AKontheGO publisher Erin Kirkland is spending the week in the Canadian province of Quebec, exploring some of the smaller communities and outdoor-themed attractions often overlooked by visitors seeking the big city. Thanks to Tourisme Quebec for overseeing these seven days far from Alaska.
If first impressions are everything, then I require nothing more from Quebec. I have been in the province for about 48 hours and am wrapped in a European-style atmosphere of warmth, hospitality, and the unfettered joy of a holiday.
There’s no easy route to Quebec from Anchorage, Alaska, whether one utilizes go-to airline Alaska Air, or flies another carrier like Air Canada (I did, from Anchorage–Vancouver–Toronto–Quebec City). But then, Alaskans are used to hither and yon travel, so, like we do, I hitched up my backpack, packed the snacks and neck pillow, and left Anchorage on a Saturday afternoon.
Landing in Quebec City early Sunday morning, I took a quick nap at nearby Hotel Must, then called Uber and headed to the heart of the city, Old Quebec. Here, those with Paris on their mind or heart can revel in the architecture, food, and delightful aura only this place can provide.
I sat in an alley cafe called Chez Jules, sipping Rose’ and listening to a duo of well-dressed elderly men, friends obviously, sharing photos on their iPhones and laughing as they conversed in French. Nearby, a street vendor twisted balloons into funny shapes for a gaggle of excited kids, smiling and patting their bobbing heads. I had planned on a short meal and walk-around of the downtown core before returning to my hotel, but the lazy sunlight, music, and people-watching pulled me in, and I stayed until dinnertime.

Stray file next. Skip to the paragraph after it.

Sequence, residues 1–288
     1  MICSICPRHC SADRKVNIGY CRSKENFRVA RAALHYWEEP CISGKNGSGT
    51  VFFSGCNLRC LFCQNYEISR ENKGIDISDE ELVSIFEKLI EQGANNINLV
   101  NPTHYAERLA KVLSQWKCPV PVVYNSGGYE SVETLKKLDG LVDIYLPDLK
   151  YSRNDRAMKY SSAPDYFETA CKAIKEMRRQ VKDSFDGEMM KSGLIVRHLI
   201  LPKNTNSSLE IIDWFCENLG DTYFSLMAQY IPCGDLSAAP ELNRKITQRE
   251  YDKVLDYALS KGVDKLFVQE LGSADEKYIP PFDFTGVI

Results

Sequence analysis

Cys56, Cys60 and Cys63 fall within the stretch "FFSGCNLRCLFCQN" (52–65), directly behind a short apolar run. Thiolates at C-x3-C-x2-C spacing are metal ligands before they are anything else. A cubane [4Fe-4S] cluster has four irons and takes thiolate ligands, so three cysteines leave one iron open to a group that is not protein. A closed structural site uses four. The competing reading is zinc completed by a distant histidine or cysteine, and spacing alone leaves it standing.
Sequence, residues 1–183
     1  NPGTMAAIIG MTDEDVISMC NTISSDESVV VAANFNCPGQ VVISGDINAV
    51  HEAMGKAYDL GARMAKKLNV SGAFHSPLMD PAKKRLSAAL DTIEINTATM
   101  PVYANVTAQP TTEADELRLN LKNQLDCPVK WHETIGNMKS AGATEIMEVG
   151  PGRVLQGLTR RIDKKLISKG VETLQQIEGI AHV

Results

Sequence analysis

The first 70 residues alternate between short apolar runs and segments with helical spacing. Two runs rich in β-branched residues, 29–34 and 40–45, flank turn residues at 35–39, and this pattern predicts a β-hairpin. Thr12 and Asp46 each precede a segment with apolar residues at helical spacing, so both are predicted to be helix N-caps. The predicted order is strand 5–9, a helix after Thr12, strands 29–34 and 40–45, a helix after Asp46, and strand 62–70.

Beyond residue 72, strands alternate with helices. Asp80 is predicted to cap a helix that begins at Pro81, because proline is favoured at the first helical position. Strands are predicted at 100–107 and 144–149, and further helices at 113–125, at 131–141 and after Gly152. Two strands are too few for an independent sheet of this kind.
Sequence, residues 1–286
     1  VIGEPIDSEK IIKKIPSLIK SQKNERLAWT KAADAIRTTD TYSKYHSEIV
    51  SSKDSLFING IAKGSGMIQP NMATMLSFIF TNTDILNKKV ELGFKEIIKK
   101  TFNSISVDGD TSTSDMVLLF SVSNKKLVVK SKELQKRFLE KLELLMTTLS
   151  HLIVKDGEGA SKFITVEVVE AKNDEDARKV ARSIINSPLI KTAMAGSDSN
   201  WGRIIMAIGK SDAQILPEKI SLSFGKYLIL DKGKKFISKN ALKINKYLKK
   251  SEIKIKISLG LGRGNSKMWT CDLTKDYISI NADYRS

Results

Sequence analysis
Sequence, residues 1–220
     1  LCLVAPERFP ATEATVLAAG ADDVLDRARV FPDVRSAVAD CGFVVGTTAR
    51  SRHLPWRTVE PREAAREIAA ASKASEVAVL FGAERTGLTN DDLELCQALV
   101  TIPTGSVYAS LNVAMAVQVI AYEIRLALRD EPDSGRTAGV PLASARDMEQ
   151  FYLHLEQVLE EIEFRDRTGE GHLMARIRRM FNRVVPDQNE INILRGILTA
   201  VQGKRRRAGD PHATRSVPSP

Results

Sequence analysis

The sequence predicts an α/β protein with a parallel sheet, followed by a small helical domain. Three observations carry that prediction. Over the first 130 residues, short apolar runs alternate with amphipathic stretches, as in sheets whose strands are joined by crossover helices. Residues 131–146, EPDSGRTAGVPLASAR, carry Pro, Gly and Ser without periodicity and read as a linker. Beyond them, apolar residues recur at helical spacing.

Today was an early one; I needed to be in the small town of Tadoussac by lunchtime so I could visit the renowned Marine Mammal Interpretation Centre, check in to the historic Hotel Tadoussac, and stroll the communities well-maintained and beautiful trails.
GPS on the dash, map on the front seat, I set out along scenic Route 138 between Quebec City and Tadoussac, a three-hour journey made a bit longer for number of stops I made to take photos and admire the vast presence of the Saint Lawrence River.
Tonight I’m in my room, windows wide open to see the moonlight upon the harbor and listen to soft voices of people relaxing upon the expanse of lawn the hotel keeps pristine just for this purpose. I hear French, English, and Spanish, kids laughing, glasses clinking, and I wonder, just a bit, if this scene would play out similarly in the United States.
No one is worried about a thing.
More to come.